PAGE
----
We line-up an extraordinary series of presentations to inform, excite and entertain you this bank holiday weekend. Ranging from the historic to the immersive, our selection provides an insight into key developments in the industry from the 1950s onwards, while inviting viewers to explore contemporary reflections on the urban environment. LACMA surveys the significant impact of the Dwan Gallery and Carré d’Art assesses the influence of American Postmodern Dancers on the Minimalist movement. LOOK/17 explores urbanism and exchange in photography today and Tate Modern provides audiences with a final chance to experience Fujiko Nakaya’s site-specific installation, London Fog.
1. Los Angeles to New York: Dwan Gallery, 1959–1971, LACMA, Los Angeles
LACMA examines the history of the Dwan Gallery, one of the most important galleries of the postwar period in the US, and its founder, dealer and patron Virginia Dwan. Beginning life in a storefront in Westwood in 1959, the Dwan Gallery was a leading avant-garde space during the 1960s, presenting groundbreaking exhibitions. Through a series of paintings, sculpture, films and drawings by renowned artists such as Edward Kienholz, Yves Klein, Franz Kline, Claes Oldenburg, Robert Rauschenberg, Ad Reinhardt and Robert Smithson, this exhibition retrieves Dwan’s contribution to the industry and highlights the increasing mobility of the art world during the late 1950s.
2. A Different Way to Move, Minimalismes, 1960-1980, Carré d’Art, Musée d’art contemporain de Nîmes
A Different Way to Move invites audiences to reconsider the intersecting disciplines of visual art, dance and music of the 1960s and 70s in New York in relation to minimalist practices. The pioneering work of American Postmodern Dance artists – most notably Trisha Brown, Lucinda Childs, Simone Forti and Yvonne Rainer – is examined in a renewed dialogue with the works of Carl Andre, Dan Flavin, Donald Judd, Sol LeWitt, Robert Morris and Richard Serra to name a few. Based on pieces from the collections of the Centre Pompidou, Centre National de la Danse, Collection Lambert-Avignon, Kunstmuseum Basel, MoMA and others, the show takes a look at minimalist forms within a broader perspective.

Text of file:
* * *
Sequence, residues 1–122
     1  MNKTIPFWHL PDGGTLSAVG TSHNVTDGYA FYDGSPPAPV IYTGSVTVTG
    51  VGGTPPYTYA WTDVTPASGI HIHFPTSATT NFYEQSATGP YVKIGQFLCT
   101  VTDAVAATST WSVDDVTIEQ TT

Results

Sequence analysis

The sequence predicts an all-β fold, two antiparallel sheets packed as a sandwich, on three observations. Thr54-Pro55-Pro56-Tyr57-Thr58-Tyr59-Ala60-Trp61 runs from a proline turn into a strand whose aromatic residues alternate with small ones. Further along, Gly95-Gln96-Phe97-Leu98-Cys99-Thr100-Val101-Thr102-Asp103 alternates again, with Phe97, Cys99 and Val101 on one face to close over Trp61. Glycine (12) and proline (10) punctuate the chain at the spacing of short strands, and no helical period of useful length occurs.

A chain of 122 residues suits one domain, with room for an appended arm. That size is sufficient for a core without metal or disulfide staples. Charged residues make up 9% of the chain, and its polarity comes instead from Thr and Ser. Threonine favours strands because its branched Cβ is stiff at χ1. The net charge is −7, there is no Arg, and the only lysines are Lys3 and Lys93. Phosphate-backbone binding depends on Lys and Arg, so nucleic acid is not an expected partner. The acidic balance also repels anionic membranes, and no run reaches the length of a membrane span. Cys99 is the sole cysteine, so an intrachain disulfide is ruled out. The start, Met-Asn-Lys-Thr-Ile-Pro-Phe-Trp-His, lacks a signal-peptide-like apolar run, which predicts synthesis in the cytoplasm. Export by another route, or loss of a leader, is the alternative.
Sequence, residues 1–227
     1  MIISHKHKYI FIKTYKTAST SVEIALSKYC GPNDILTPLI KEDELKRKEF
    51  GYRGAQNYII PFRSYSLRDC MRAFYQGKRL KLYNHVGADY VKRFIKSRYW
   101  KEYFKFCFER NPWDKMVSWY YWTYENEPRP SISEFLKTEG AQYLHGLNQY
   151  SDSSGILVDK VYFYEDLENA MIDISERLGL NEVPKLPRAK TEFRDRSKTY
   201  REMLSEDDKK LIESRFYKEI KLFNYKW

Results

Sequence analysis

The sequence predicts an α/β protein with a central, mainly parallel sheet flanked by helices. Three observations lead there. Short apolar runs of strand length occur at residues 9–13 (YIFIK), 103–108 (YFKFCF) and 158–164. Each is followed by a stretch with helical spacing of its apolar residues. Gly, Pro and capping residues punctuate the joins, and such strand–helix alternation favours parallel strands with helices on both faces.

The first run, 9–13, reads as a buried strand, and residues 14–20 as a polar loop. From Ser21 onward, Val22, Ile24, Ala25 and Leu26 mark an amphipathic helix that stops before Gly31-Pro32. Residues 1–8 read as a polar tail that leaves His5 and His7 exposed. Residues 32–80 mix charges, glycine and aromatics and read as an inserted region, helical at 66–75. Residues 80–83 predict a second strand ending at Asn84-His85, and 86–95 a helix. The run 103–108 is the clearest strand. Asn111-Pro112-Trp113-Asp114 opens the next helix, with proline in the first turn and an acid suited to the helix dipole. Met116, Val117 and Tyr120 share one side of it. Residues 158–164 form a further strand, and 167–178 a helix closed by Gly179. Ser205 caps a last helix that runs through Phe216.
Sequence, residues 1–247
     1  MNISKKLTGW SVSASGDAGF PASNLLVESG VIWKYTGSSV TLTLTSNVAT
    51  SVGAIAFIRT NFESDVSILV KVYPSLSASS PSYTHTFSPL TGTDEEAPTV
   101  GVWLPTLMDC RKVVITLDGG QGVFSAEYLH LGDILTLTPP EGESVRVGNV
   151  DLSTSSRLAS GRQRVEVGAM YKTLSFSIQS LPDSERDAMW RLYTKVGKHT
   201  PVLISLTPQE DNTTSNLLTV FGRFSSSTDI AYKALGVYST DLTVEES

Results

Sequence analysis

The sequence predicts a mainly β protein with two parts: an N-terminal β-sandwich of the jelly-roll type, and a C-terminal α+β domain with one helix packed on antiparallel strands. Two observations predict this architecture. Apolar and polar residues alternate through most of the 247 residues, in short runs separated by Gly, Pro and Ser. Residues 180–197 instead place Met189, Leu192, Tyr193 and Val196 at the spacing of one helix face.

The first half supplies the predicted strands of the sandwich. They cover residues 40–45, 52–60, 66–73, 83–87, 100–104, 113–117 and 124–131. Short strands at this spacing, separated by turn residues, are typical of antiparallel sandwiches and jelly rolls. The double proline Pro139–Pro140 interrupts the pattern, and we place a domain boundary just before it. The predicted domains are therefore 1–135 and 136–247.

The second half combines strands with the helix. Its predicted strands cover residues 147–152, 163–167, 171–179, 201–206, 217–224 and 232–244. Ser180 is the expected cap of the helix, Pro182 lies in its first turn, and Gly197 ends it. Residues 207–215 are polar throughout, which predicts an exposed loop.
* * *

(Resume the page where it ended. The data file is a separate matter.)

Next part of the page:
3. LOOK/17, Cities of Exchange, Liverpool International Photography Festival
The festival launches its month-long programme in the city of Liverpool this weekend. LOOK/17 explores urbanism and exchange through the universality of photography. Working closely with Open Eye Gallery, Tate and other institutions, it invites artists to consider a new city and to observe the shared connections. New commissions include pieces by Wo Bik Wong, Derek Man and Luke Ching. At Liverpool ONE, British-Chinese artist Yan Preston captures the faces of modern China in Liverpool, and photographer Michael Wolf makes an appearance in Building the Civic at the Victoria Gallery and Museum.
4. Fujiko Nakaya, London Fog, Tate Modern, London
Artist Fujiko Nakaya transforms the South Terrace at Tate Modern for the first time with an immersive fog sculpture, animated by a light and soundscape made in collaboration with Nakaya’s collaborators Ryuichi Sakamoto and Shiro Takatani. London Fog invites audiences to escape the everyday bustle of the capital and to contemplate an alternative environment filled with ambient light and sound. Commissioned as part of the BMW Tate Live Exhibition: Ten Days Six Nights, its the ideal installation to explore this bank holiday weekend.
5. Pierre Huyghe, (Untitled) Human Mask, Guggenheim Bilbao
Pierre Huyghe blurs the boundary between fiction and reality in his masterfully staged works. On view for the first time at the Guggenheim Bilbao is (Untitled) Human Mask. Created in 2014, the film takes viewers to a Japanese landscape scarred by the recent tsunami and the Fukushima nuclear disaster. It is filled with people and puppets that behave as equals while animals and plants appear to amble leisurely on both sides of the border of the imaginary. The film’s protagonist is trapped in a surreal setting, performing a routine whose theme, according to the artist himself, is none other than the human condition.
1. Virginia Dwan, Dwan Gallery. Courtesy of LACMA.